Risk ratings are best assigned during healthy facilitated discussions of the inherent risk factors among process owners and key stakeholders. These discussions provide a 360-degree perspective of risks faced by the organization, which in turn provides the organization with the information necessary to make focused, value-added decisions with available resources.

Consider utilizing an Excel spreadsheet to document these discussions and capture the risk ratings. Create a tab for each significant process listing out the risk factors, with columns for rating the likelihood and impact, and assigning the resulting overall risk level. Key discussion points should also be documented as well as the underlying rationale for the ratings.

3. Report

All too often organizations misallocate resources to the easiest fixes or the squeakiest wheel regardless of the level of risk. Comparing the ratings of the risk factors across the significant processes provides an overview of the risks to the organization and prioritizes risks and high risk processes for decision makers, leading to an appropriate allocation of resources.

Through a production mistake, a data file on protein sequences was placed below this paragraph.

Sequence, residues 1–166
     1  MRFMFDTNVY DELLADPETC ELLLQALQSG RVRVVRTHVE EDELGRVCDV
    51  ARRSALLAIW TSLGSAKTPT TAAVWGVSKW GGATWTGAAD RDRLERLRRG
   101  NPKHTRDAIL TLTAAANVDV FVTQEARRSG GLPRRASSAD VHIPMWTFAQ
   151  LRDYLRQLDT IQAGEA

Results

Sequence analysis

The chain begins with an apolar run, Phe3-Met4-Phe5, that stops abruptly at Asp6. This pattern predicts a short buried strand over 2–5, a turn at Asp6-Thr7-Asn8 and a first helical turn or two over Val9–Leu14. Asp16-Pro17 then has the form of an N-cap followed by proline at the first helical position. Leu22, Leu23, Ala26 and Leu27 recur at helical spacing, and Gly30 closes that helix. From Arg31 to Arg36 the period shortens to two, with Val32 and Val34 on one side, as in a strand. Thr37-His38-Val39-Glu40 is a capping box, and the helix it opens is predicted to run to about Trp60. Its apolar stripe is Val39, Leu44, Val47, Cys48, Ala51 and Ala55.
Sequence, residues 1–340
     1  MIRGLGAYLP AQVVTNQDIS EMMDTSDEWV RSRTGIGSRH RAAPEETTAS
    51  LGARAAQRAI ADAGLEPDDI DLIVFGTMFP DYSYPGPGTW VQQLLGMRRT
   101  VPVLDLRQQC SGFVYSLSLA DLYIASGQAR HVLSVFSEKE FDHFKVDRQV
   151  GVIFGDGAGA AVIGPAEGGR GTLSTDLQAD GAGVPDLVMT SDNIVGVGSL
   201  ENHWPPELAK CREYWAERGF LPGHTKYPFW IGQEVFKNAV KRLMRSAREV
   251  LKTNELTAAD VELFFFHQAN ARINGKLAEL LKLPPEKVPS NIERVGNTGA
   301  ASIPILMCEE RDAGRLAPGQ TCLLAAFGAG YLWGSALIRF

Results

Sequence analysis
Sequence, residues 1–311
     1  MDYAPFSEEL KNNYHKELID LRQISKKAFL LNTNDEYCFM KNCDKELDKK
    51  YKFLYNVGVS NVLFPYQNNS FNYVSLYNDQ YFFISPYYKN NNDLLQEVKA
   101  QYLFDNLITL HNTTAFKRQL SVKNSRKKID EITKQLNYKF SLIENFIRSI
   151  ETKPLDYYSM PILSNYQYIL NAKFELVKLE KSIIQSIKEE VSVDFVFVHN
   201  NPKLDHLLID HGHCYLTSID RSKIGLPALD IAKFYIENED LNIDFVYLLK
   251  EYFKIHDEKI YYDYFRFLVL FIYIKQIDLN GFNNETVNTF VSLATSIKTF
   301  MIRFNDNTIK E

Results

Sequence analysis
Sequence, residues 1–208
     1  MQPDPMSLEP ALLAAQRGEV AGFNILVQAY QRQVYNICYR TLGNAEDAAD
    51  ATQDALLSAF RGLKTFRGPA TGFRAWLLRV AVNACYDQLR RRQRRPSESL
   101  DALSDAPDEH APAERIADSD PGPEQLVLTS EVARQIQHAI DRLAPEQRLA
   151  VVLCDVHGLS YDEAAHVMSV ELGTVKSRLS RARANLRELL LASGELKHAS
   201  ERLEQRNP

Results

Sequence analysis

The net effect of implementing and reporting on this type of comprehensive approach is multi–faceted:

  • Increased awareness of and consensus among key decision makers as to the critical risks faced by the organization;
  • Development of standardized measurement criteria to actively track historical risks and the impact of related remediation activities; and
  • More efficient and effective use of organizational resources.


The organizational risk assessment can be your first step in establishing a risk management function. Considering that the general business environment, economics and technology standards are continuously evolving and can have a significant impact on a business, an organizational risk assessment should be conducted or updated at least annually. Areas of high risk should be carefully evaluated for the adequate application of controls and monitored to ensure those controls are operating as designed.

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Laurie Scofield
, CPA, is an independent consultant currently working in the New York Metropolitan area. Her risk management practice focuses on process improvement and internal control restructuring with an emphasis on technology and control automation. Scofield can be reached at (973) 223-5951. Eric S. Martinez, CPA, JD, is an audit partner at Grassi & Co. where he specializes in all aspects of accounting, including consulting and financial reporting. He has more than 20 years of public accounting and consulting experience serving clients across a wide variety of industries, including international companies. Martinez can be reached at (516) 336-2429.